- Taschenbuch: 529 Seiten
- Verlag: Knopf (2. Februar 2010)
- Sprache: Englisch
- ISBN-10: 0375711082
- ISBN-13: 978-0375711084
- Größe und/oder Gewicht: 11,9 x 2,4 x 23,2 cm
- Durchschnittliche Kundenbewertung: 2 Kundenrezensionen
- Amazon Bestseller-Rang: Nr. 2.809.915 in Fremdsprachige Bücher (Siehe Top 100 in Fremdsprachige Bücher)
Knopf Guide: Paris (Knopf Guides) (Englisch) Taschenbuch – 2. Februar 2010
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A guided walking tour is the standard Knopf format for revealing the city, as opposed to the Eyewitness itemized number format. The Eyewitness guide is the other half of the pair that you must have to visit Paris, each complementing the other rather than competing. This Knopf guide has some gorgeous pull out maps/pages in the middle of the book that are really great.
The Knopf weakness is in it's ability to help you plan: There is a wonderful diagram of the Catacombs, on a fold out page showing details about the fascinating sites beneath the city, with pictures of some of the bones in the Catacombs; but nowhere will the Knopf guide tell you what time it is open or when. The Eyewitness guide is much stronger in that respect, the Knopf guides are almost as good as the Eyewitness when it comes to maps, the Eyewintness being better.
The Knopf guide has 7 pages of general index plus 10 pages for listing illustrations. The Eyewitness guide has 20 pages of general index with none for illustrations, which is to say the Knopf guide is more romantic, the Eyewitness guide more practical, they are 5 star both, and you should have both.
As you read through the delightful density of information, the quirkiness of the book itself begins to emerge. There are columns of writing where the text just disappears mid-sentence off the page never to be found again. One entire page (the back of the fold-out for the Musée d' Orsay) remains in the original French, untranslated. You'd think, since this book has been out for years and has had revisions, that the proof-reading would be better, even if it was a daunting task rendering it into English from the original French edition. The 3D arial maps of various areas feel odd. While the ones of the right bank are anchored by the river at the bottom looking north and feel like the way they 'should' be, the ones of the left bank are also anchored by the river at the bottom and looking south, take a bit of getting used to. The street plan at the back professes to overlap a bit map to map, and they do sideways, but up and down, sections of all are missing. (You might want to get the full Michelin map book of relatively the same size).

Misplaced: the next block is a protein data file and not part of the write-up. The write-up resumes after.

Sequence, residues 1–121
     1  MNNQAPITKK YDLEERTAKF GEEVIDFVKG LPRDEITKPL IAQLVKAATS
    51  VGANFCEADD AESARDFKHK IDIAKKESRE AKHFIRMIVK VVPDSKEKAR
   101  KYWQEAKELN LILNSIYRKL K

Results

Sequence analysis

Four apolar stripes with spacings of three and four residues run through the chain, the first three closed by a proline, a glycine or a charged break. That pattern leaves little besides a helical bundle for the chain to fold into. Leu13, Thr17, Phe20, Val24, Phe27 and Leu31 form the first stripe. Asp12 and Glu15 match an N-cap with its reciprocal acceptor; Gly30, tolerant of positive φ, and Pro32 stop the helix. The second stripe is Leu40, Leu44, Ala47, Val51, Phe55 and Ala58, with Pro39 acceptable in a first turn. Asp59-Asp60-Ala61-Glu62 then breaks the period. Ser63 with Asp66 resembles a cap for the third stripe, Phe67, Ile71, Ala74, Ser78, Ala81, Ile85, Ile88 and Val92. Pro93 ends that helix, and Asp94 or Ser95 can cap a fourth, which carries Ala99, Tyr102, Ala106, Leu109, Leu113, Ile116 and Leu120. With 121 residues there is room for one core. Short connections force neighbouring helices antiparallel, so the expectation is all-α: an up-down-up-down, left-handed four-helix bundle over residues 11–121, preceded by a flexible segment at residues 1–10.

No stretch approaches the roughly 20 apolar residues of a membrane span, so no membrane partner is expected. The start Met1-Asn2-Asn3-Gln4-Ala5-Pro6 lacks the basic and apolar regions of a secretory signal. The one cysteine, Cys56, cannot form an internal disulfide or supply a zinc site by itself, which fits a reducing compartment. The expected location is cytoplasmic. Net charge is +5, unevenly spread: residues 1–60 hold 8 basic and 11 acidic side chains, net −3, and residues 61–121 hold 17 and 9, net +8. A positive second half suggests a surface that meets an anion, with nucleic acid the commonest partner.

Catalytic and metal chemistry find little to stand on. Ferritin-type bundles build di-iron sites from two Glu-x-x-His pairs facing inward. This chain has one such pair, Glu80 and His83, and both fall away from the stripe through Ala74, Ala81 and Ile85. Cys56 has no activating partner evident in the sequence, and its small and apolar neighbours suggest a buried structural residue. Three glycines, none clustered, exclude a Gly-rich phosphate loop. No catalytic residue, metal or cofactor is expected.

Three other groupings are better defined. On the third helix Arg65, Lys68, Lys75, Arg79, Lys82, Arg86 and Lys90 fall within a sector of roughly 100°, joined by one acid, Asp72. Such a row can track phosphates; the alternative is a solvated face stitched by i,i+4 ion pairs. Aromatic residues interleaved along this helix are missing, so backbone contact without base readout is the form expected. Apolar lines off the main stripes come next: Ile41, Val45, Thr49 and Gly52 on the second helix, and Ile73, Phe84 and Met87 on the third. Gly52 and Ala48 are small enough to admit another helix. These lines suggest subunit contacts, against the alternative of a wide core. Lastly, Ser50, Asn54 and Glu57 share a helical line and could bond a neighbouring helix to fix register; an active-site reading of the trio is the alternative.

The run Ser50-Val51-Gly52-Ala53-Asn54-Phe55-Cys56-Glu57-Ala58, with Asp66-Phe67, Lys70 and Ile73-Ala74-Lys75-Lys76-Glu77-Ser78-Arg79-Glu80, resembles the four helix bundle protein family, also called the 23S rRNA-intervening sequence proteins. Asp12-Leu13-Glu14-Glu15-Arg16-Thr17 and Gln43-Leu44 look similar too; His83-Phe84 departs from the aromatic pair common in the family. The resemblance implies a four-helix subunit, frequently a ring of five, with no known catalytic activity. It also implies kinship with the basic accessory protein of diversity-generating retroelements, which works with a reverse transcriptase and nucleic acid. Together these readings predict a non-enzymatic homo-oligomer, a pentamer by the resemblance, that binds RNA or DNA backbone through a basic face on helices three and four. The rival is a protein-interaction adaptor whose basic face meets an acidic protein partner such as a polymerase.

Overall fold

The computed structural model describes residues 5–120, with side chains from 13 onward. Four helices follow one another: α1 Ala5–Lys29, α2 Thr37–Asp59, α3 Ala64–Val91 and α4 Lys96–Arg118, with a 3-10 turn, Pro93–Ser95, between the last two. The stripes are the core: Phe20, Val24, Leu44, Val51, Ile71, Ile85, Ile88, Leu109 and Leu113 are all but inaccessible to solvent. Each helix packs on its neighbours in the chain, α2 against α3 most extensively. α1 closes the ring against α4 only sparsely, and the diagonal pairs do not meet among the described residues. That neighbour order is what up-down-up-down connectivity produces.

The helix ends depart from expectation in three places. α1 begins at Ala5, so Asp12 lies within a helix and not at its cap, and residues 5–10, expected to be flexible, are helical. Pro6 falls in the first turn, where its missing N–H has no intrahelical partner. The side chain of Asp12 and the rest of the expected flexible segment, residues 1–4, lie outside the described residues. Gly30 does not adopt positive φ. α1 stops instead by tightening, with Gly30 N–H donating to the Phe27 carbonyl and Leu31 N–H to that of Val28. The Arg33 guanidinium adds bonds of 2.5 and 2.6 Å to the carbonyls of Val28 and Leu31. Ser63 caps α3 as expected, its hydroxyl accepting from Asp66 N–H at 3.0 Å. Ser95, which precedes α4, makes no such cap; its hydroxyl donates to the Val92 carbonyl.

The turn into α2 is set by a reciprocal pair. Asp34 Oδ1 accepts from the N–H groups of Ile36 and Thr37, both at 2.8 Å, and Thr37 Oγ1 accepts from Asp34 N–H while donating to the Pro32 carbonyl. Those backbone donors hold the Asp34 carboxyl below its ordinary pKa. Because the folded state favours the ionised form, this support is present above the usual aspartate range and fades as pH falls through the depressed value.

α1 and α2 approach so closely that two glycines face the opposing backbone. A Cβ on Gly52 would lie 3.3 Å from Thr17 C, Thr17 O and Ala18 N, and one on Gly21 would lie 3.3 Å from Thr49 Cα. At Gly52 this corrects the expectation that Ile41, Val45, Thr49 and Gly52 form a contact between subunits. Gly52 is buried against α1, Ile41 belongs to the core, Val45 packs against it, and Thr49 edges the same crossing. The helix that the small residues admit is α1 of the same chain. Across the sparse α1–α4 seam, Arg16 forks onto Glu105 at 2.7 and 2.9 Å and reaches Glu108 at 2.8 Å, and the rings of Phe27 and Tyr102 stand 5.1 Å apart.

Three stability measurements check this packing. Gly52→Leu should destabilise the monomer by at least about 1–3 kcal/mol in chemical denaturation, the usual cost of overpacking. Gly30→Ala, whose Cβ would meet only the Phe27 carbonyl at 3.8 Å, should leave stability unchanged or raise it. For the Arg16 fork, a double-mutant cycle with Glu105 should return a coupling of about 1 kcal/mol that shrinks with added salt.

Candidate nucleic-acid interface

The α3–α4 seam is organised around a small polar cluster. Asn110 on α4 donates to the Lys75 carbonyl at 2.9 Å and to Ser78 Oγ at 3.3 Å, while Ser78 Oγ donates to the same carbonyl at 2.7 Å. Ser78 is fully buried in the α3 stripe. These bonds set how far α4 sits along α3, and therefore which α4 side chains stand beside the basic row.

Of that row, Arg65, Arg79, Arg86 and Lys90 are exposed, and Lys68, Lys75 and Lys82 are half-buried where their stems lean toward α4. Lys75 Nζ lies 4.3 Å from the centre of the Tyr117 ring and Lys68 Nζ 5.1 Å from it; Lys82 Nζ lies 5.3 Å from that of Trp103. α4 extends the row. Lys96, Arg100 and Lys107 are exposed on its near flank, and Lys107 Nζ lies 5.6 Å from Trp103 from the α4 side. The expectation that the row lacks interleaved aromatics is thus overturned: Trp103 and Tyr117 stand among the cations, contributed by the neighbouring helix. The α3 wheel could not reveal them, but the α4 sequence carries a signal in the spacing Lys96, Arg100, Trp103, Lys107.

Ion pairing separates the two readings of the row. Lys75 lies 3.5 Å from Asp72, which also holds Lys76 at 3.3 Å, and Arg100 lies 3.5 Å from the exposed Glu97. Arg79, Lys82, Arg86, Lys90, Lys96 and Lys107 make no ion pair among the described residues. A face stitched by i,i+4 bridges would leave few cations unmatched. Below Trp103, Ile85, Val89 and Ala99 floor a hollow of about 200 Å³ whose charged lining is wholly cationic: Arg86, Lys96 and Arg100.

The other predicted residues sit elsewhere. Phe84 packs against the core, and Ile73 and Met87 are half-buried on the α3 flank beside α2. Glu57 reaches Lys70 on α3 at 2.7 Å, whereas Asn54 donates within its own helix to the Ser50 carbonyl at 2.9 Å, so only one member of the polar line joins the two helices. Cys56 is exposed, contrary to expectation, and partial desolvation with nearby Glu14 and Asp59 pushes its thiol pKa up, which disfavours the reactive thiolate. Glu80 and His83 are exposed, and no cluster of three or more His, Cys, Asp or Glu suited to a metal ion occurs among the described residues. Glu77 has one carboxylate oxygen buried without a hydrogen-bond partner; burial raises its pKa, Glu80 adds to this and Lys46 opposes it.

Aldous Huxley once wrote a travel essay that he liked to stumble around a new place on his first visit without prior knowledge or guide, then would read the guide books for subsequent trips. I don't think this approach will work for Paris, unless you want to be kicking yourself over what you missed on your first trip. Get this book and give it a thorough read before you go. There is too much to spend your time in Paris buried in the book reading it and languishing in the lavish visual presentation for the first time. Then you can decide what you want to orient yourself to: culture, food, shopping, history, gardens, architecture, artistic life, sight-seeing, and in which proportions, and you will be relieved to forgive yourself in advance knowing now that if you want to get anywhere close to a sense of the richness of what makes Paris, current and historical, there will be many trips in your future, both from your armchair back home with this book, and, when you decide you have to go again to see and experience more.